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James: Faith That Works

The beauty of the water flowing under the bridge and over the rocks reflects the beauty of faith that works.
Photo Credit: Mark Shutt Images

January 24, 2024

Praying Friends,

Does your faith work? 

What I mean is, when life is difficult, whom do you turn to? If you look heavenward and seek God’s face, that’s faith at work. When you see a beautiful sunset, what is your response? 

If you praise the greatness and wonder of God, that’s faith at work. When someone has wronged you, how do you handle it? If you choose to forgive, that’s faith at work.

A faith that works is alive and real. Faith that is dead or unreal is of no value. James tells a short story, “If a brother or sister is poorly clothed and lacking in daily food, and one of you says to them, ‘Go in peace, be warmed and filled,’ without giving them the things needed for the body, what good is that? So also faith by itself, if it does not have works, is dead” (James 2:15-17).

Faith with works is a faith that works! Or to put it another way, faith that results in righteousness is a faith that reveals reality. 

In the book of James there are many ways in which true faith is manifested. As a brief overview, we will consider one from each chapter:

In Chapter 1, faith that works will impact your responses. “Know this, my beloved brothers: let every person be quick to hear, slow to speak, slow to anger; for the anger of man does not produce the righteousness of God” (James 1:19-20).

The divine design of the human body should be enough to teach us that we should listen more than we talk, but more often than not we get it reversed. James is helping believers get through the trials of life. It would be easy for us to default to anger.

The context here is that we should be quick to hear the word of truth (James 1:18). When we listen more to God, and speak less of our own opinions, the result will be less anger. There will be less anger towards God and less anger towards those around us. True faith will impact your responses.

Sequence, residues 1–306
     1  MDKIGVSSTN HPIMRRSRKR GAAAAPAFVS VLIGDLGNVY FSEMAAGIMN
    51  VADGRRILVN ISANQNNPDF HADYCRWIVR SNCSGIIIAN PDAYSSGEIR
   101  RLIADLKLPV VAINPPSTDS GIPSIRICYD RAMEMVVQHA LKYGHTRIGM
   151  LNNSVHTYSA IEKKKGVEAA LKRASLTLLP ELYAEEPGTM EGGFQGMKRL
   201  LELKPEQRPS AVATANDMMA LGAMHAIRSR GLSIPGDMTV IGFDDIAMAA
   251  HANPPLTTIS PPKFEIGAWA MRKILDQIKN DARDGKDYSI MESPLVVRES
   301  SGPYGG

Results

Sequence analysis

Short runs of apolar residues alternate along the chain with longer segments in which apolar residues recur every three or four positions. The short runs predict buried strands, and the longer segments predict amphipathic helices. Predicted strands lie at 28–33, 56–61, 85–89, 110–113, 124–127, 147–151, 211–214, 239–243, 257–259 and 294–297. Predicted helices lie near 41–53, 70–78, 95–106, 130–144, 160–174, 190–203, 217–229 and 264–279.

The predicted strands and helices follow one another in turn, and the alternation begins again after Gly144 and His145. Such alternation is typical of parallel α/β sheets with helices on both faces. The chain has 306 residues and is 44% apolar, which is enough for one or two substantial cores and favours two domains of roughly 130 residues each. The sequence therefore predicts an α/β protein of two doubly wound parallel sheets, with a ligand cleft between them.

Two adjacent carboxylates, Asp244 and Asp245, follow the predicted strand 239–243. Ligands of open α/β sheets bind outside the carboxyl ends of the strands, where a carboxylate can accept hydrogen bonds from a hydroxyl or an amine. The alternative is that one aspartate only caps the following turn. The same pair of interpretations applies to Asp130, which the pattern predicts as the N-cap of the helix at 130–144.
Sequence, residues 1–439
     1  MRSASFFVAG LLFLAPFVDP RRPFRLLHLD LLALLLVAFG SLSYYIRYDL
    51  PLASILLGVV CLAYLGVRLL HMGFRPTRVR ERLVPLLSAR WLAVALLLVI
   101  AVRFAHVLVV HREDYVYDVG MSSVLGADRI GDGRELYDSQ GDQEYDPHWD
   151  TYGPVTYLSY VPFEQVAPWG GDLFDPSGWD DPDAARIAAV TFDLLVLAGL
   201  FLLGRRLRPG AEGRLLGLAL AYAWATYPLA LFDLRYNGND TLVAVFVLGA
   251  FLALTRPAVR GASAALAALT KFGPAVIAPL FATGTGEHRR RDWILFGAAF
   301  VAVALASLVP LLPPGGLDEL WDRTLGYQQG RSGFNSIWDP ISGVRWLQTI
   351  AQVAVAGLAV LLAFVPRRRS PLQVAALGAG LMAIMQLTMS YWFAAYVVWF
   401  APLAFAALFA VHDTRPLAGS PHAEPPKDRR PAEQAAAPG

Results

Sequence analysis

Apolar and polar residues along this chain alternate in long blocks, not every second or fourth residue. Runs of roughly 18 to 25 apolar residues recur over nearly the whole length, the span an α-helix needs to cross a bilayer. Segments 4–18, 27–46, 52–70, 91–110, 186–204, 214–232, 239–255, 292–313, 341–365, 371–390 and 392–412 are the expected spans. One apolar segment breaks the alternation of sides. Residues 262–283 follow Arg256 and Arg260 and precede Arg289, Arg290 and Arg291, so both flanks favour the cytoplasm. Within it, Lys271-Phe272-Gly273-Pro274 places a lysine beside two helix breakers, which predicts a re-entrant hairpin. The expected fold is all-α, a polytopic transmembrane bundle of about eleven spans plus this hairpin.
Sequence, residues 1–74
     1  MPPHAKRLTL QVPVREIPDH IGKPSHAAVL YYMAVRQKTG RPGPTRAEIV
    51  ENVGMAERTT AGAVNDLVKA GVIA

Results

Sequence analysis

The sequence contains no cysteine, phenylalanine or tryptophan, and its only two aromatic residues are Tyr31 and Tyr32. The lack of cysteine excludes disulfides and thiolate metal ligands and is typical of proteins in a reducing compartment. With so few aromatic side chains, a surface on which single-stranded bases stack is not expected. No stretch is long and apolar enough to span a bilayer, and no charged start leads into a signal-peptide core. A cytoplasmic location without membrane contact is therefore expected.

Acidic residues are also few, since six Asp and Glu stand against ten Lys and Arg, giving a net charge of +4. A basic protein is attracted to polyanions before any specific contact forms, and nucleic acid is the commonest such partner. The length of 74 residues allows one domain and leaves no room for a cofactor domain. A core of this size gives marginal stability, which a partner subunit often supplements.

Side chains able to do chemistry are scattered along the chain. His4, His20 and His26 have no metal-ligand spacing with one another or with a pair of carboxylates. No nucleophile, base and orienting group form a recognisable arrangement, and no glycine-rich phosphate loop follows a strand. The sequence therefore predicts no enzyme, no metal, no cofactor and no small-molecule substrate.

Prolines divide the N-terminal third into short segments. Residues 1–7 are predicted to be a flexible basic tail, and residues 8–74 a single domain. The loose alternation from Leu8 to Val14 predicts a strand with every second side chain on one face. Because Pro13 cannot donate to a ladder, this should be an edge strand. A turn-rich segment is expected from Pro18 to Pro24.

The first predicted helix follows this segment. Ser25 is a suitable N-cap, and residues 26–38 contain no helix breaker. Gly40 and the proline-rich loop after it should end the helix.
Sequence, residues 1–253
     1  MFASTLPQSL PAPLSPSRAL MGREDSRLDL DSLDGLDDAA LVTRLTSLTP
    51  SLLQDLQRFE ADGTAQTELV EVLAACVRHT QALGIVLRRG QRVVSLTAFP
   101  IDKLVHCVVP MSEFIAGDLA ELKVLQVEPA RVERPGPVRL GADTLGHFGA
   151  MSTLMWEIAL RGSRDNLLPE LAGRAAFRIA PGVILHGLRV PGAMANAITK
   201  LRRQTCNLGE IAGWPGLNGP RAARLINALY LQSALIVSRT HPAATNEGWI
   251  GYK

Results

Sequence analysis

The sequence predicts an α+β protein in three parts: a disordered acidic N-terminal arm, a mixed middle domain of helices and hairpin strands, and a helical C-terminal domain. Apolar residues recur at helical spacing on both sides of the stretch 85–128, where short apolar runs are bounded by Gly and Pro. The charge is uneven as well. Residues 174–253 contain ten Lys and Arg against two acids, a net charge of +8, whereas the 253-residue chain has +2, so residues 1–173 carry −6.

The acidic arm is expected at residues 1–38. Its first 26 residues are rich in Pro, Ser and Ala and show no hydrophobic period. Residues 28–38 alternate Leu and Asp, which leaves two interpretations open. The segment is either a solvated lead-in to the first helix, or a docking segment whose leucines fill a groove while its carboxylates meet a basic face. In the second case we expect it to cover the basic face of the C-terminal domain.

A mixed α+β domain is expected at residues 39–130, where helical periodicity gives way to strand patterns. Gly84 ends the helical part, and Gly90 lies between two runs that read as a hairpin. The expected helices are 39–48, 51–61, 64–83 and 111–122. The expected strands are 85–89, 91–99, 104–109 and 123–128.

In Chapter 2, faith that works will treat others as equals. “If you really fulfill the royal law according to the Scripture, ‘You shall love your neighbor as yourself,’ you are doing well. But if you show partiality, you are committing sin and are convicted by the law as transgressors” (James 2:8-9).

The sad situation that James mentioned earlier in the chapter is the sin of partiality in a local church, where a poor brother is demoted and a rich brother is elevated. So serious is this sin that James quotes from the Old Testament Scriptures to say that we are to love our neighbors as ourselves. 

Loving others and treating them with dignity, whether brothers or sisters in Christ, or unconverted, is an outworking of our faith. True faith will not be partial.

In Chapter 3, faith that works will affect how you speak. “For every kind of beast and bird, of reptile and sea creature, can be tamed and has been tamed by mankind, but no human being can tame the tongue. It is a restless evil, full of deadly poison” (James 3:7-8).

Jesus taught that the tongue muscle was directly connected to the heart (metaphorically, that is) (Matthew 12:34). He is saying that what is on the inside comes out through our words. They give evidence of what's happening internally. 

So unruly are our tongues, our hearts, that it is impossible for us to tame them.

It is only a life surrendered to God and a body under the control of the Holy Spirit that can truly be trained and used for the glory of God. True faith will enable you to speak words of blessing and encouragement rather than damaging, hurtful words.

In Chapter 4, faith that works will increase your desire to do God’s will. “Come now, you who say, ‘Today or tomorrow we will go into such and such a town and spend a year there and trade and make a profit’ — yet you do not know what tomorrow will bring. What is your life? For you are a mist that appears for a little time and then vanishes. Instead you ought to say, ‘If the Lord wills, we will live and do this or that’” (James 4:13-15).

While there is nothing wrong with going into the city, or making money for that matter, what is wrong is when these are done for selfish reasons. James is challenging us on who we are living for. Are we living short-term, selfish lives that only lead to our prosperity and wealth? Or, are we living for the One who created us in His image and for His purposes? Whatever city we enter and whatever activity we do, we should be able to say, “this is the will of God.” True faith will give us the desire to please our Lord and Savior.

In Chapter 5, faith that works will give you patience in trial. “Be patient, therefore, brothers, until the coming of the Lord. See how the farmer waits for the precious fruit of the earth, being patient about it, until it receives the early and the late rains. You also, be patient. Establish your hearts, for the coming of the Lord is at hand” (James 5:7-8).

The Christian life will include many trials (James 1:2). While we can enjoy the abundant life that God intends for us, it is also marked by suffering. How you live through those trials will greatly impact your character development and your relationship with God.

James says, “Be patient.” No one likes to be in a trial, but God allows them for our personal benefit, for the blessing of others, and for His own glory. Like the farmer mentioned above, seeing the fruit of labor takes time, but if we are patient, it will come. True faith will both develop and equip you with patience.

Thank you for praying for our prodigals and for revival.

Love in Christ,

Bryan and Rachel


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